The Blame Game.

Today was a bad day.

I knew when I woke up this morning that it was going to be hard to make it through today- that today, depression would win. It took me 3 hours to convince myself to get out of bed and another 2 hours to get ready to go to work. During that time, I processed through all the regular questions once again:

“If I don’t go to work today, will I get fired? How bad would getting fired actually be? How long would I be able to live without a job? Does anyone even really need me at work today? What meetings do I need to reschedule? Do I even need to reschedule? Does everyone hate me?”

This internal barrage of questions is the hardest part of navigating my depression. The answers are always the same and always end up reaching the same conclusion- I am worthless, I am a burden, and everyone hates me. This toxic thinking bleeds into every aspect of my life and puts me in a terrible mood, thus making me a horrible person to be around. Today, I was grumpy, mean, and bitter. I complained more. I was short with people.

The easiest solution would be to simply change my thinking, right? This is the advice I have received over and over and over again- “if you just change your attitude, you wouldn’t be depressed”. It truly isn’t that simple. Imagine the story of the little Dutch boy and the dyke that is leaking– there are a million little holes leaking poisoning thoughts into my brain and yet I only have a few fingers to plug these holes. No matter how hard I try- the thoughts do not stop, the attitude cannot be changed, the depression will win.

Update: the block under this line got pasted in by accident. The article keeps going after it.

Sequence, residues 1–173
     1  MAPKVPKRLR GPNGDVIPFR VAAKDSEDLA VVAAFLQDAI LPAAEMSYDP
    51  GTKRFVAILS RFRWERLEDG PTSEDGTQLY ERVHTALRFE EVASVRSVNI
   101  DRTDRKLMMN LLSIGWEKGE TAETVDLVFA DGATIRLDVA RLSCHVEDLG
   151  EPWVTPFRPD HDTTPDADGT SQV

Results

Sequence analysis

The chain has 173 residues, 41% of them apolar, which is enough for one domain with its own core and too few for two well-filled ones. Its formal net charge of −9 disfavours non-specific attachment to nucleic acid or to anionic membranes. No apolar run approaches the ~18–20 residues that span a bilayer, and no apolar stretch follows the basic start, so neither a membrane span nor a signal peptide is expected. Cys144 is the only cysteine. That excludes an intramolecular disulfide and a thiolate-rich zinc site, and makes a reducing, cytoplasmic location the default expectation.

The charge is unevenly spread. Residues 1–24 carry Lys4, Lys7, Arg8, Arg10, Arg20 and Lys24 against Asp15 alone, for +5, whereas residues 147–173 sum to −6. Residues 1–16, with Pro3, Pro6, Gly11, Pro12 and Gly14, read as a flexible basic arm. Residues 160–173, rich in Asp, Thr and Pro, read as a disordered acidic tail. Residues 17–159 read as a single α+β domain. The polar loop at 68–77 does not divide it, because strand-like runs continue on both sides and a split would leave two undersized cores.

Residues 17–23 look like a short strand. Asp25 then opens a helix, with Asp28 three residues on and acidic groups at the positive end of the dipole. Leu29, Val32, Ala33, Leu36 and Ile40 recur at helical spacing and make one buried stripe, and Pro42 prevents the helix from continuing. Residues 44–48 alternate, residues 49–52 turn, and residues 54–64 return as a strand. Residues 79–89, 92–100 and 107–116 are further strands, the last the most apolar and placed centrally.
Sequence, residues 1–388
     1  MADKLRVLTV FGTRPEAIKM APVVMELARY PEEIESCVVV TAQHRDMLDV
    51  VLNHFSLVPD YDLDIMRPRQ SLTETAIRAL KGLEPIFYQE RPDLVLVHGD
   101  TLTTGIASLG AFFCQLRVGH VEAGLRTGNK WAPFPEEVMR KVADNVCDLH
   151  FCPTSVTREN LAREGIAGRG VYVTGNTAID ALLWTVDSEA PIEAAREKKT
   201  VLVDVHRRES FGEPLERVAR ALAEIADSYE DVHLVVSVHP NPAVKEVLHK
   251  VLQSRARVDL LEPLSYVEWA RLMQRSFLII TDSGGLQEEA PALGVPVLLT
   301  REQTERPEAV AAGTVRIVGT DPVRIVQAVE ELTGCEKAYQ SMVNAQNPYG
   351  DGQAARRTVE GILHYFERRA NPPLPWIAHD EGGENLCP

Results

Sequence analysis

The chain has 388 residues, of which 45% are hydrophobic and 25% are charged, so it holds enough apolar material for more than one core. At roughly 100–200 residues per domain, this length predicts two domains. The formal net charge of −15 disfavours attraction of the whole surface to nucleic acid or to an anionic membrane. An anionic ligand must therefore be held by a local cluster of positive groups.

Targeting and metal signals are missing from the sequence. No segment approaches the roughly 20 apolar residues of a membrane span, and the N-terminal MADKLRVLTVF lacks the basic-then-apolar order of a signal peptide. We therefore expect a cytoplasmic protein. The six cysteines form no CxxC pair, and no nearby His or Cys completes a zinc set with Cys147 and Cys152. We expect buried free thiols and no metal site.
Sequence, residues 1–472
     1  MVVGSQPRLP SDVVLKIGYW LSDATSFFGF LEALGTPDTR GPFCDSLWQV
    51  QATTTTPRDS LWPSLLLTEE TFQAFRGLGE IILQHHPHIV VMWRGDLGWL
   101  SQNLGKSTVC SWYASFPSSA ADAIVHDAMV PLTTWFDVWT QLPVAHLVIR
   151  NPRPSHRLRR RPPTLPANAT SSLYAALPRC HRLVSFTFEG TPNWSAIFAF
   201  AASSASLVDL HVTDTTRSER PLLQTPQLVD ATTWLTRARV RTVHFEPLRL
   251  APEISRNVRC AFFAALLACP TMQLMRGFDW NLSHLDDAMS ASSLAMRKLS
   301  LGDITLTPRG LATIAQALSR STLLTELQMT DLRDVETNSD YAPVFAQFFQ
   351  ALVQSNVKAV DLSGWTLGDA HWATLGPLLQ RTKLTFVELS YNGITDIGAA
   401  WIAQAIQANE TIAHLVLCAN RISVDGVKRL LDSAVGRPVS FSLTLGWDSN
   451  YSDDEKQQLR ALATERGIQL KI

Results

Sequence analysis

This story is not to garner sympathy or to play the game of “woe is me”. I share this story because (I believe) one of the biggest misconceptions surrounding depression is that the sufferer is to blame for their disease, as one should always have control over what they feel. Depression is no one’s fault- trust me, no one would ASK for this disease. It is ugly, it hurts, and it makes some days nearly impossible.

Today was a bad day.

I wish I could end with something positive here, but as I was reminded by a friend who also struggles with depression and anxiety- sometimes the story doesn’t have a happy ending and that is okay… because tomorrow will come and it may not be the best or even a better day, but tomorrow will come and that is something to smile about.


One thought on “The Blame Game.

Leave a Reply

Fill in your details below or click an icon to log in: Logo

You are commenting using your account. Log Out / Change )

Twitter picture

You are commenting using your Twitter account. Log Out / Change )

Facebook photo

You are commenting using your Facebook account. Log Out / Change )

Google+ photo

You are commenting using your Google+ account. Log Out / Change )

Connecting to %s